As we begin another school year, may we all pull each other along, to help keep us focused and our eyes on the prize. May we all teach each other how to care for our Common Home, and may we all extend our hands to those in need and not be afraid to grasp onto the hands extended to help us through those narrow gates!
Happy Independence Day!!
It has been a while since I have updated the website, since other projects have taken their time, especially a research project around the beautiful prayer form of Taize’, but the birth of our country seems good place to resume regular postings, especially since there is also a new birthing emphasis with Mystical Ventures. Last year, Pope Francis released his encyclical letter, Laudato Si,
which called all peoples to begin to work together to take care of our Common Home, this planet. It received widespread acclaim and acceptance, and struck a chord for many, no matter what religion or philosophy the many may have embraced. It is about stewardship. We are all dependent on one another and all of us are dependent on our loving Creator, who sustains our every breath, and who gave us this Common Home to enjoy and nurture. The principles behind Mystical Ventures are very similar to Pope Francis’ directives: to live a sustainable life while taking care of the earth and putting more back into the earth than what we took:
Grounded in the Roman Catholic mystical tradition and the conviction that the earth sustains us in multiple ways, Mystical Ventures (MV) hopes to connect the dots for many peoples of varied interests and demonstrate how religious faith empowers us to understand our ecological environment. Mystical prayer connects with the food we eat, the animals that sustain us, the books we read, the cycles and sounds of nature and stewardship of the earth alongside our individual vocations and care for the poor.
We will continue to share our lives of living that sustainable life through gardening, cooking, preserving produce, animal husbandry and land management, ecological practices, adult faith formation and prayer. Today, more than ever, prayer is required. Laudato Si will be available by link on the website and we will begin to make explicit connections between Laudato Si (LS), or what Pope Francis is calling us to do and the sustainable lifestyle at MV. To begin, perhaps, we should all step back and consider repentance. What have we done to this beautiful Garden of Eden that was once gifted to us? In the early paragraphs of LS, Francis refers to his predecessor’s words, those of Pope Benedict XVI, who with paternal concern urged us to realize that creation is harmed “where we ourselves have the final word, where everything is simply our property and we use it for ourselves alone. The misuse of creation begins when we no longer recognize any higher instance than ourselves, when we see nothing else but ourselves.” (LS, 6)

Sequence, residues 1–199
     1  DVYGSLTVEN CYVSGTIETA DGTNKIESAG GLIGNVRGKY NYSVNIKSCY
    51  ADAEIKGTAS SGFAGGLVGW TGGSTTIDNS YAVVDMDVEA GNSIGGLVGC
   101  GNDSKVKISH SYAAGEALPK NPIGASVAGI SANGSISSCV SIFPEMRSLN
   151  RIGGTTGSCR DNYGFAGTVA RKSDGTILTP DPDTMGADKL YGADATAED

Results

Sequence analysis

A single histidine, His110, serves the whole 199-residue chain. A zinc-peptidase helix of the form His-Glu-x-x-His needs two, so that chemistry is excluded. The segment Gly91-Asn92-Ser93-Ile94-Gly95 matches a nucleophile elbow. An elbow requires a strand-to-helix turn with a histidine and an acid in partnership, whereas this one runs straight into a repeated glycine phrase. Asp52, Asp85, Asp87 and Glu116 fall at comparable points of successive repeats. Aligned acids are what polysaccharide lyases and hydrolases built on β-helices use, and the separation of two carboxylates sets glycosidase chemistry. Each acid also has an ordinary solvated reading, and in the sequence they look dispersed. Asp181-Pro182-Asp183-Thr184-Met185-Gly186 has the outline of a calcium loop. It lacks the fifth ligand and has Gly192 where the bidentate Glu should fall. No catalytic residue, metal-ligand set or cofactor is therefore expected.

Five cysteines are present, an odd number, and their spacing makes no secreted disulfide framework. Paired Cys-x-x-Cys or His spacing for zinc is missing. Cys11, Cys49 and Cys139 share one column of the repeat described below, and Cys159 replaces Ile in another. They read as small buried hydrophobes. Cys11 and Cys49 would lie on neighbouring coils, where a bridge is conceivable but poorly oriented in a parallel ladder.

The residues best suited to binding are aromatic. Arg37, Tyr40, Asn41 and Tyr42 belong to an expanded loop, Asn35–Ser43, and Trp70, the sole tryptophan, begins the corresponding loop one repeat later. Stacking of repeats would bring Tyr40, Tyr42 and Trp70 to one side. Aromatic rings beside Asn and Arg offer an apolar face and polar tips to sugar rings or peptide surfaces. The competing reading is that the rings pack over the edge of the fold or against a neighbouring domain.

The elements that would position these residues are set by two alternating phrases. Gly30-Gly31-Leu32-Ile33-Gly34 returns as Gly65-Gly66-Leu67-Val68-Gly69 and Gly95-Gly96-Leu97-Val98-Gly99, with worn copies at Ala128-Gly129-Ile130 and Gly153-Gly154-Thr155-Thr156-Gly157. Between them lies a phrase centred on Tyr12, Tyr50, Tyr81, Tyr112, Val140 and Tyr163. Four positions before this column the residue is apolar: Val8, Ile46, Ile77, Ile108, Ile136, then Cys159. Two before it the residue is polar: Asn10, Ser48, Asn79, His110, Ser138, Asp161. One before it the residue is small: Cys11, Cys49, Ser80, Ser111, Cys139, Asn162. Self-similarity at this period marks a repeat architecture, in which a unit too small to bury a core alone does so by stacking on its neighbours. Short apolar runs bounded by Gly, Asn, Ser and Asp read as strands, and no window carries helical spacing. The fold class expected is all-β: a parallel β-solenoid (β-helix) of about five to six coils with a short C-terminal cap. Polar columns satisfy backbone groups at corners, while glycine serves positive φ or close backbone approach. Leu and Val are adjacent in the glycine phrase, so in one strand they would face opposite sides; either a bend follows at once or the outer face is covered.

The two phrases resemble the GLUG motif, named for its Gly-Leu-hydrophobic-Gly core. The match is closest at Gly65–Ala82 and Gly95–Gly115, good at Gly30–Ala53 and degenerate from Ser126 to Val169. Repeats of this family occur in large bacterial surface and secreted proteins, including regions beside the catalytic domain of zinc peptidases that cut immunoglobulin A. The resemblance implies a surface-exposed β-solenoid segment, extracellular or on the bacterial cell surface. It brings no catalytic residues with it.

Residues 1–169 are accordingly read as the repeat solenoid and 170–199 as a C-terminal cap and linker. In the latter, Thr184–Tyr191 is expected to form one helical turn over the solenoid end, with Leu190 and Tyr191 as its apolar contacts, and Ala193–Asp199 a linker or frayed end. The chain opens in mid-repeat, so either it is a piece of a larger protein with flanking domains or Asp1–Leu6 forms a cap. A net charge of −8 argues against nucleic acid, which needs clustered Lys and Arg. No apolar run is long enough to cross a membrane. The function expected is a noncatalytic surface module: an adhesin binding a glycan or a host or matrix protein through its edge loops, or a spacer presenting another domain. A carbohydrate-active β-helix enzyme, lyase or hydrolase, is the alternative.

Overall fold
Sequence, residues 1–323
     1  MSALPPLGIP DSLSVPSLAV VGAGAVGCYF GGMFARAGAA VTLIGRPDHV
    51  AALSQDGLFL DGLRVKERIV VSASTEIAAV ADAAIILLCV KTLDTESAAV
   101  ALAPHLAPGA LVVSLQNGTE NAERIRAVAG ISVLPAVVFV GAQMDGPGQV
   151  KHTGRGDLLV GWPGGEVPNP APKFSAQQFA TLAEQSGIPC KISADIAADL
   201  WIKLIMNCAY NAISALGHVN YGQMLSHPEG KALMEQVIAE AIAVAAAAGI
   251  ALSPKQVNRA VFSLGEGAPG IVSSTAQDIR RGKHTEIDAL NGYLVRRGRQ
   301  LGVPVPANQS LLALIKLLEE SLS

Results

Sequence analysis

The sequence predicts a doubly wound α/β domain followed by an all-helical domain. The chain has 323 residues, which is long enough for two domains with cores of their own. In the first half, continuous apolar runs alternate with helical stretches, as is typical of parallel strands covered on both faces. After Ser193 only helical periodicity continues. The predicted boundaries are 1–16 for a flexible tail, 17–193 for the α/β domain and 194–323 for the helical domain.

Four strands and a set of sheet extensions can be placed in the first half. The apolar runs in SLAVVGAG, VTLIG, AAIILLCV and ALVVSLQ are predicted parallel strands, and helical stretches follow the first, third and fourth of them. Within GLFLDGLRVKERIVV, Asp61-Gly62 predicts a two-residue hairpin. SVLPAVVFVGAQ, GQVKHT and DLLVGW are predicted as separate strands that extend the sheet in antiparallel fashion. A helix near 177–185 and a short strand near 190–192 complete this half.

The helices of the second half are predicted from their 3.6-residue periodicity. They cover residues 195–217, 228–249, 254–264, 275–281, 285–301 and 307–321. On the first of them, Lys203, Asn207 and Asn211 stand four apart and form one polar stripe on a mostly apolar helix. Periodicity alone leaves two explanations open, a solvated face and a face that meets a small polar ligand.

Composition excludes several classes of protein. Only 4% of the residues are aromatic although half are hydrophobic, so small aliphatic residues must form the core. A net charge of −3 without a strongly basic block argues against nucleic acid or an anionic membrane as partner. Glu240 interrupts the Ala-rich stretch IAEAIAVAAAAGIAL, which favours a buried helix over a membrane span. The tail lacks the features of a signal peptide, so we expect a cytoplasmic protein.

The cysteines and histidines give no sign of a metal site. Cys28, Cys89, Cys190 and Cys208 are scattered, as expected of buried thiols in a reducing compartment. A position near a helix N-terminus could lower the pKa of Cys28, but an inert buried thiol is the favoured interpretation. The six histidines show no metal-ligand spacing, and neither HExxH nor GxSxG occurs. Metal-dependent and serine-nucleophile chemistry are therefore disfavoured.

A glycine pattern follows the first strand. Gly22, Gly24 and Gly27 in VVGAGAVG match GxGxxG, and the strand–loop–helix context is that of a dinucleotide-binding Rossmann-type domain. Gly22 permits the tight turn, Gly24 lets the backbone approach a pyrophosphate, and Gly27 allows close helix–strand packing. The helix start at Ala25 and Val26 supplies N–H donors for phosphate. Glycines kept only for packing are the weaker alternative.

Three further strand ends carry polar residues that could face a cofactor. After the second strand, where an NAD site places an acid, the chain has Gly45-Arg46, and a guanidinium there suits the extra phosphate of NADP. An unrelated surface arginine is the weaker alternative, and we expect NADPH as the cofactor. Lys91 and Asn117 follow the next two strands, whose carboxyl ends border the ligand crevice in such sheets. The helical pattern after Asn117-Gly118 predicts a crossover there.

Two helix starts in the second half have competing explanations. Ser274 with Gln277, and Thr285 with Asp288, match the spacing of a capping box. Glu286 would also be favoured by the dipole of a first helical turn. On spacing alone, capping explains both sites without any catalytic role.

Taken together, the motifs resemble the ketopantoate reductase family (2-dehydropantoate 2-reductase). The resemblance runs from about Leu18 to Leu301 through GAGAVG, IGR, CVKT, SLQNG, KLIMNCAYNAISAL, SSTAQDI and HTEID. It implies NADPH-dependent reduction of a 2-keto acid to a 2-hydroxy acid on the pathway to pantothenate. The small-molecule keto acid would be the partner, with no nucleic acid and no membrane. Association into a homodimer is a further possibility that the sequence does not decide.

The opening words of our Constitution read:
We the people of the United States, in order to form a more perfect union, establish Justice, insure domestic Tranquility, provide for the common defense, promote the general Welfare, and secure the Blessings of Liberty for ourselves and our Prosperity, do ordain and establish this Constitution of the United States of America.
Just in those opening lines, we hear a call to unity (not factions), to Justice (not injustice), to Tranquility (or peace), to common needs, and to Blessings. David Brooks wrote a great text last year, entitled: The Road to Character (New York: Random House, 2015) in which he gave his readers several stories of men and women in this country who gave up their own agendas for someone else’s or for some larger purpose than themselves. That is what is needed as we move forward to caring for our planet or our Common Home. If we truly love this country, then we must be willing to sacrifice for her.
There is no love without sacrifice. As we celebrate the 4th this year, let us all be mindful of that call. May we do what we can to ensure that those spacious skies, those amber waves of grain, those purple mountain majesties and alabaster cities gleaming are here for our children and our grandchildren.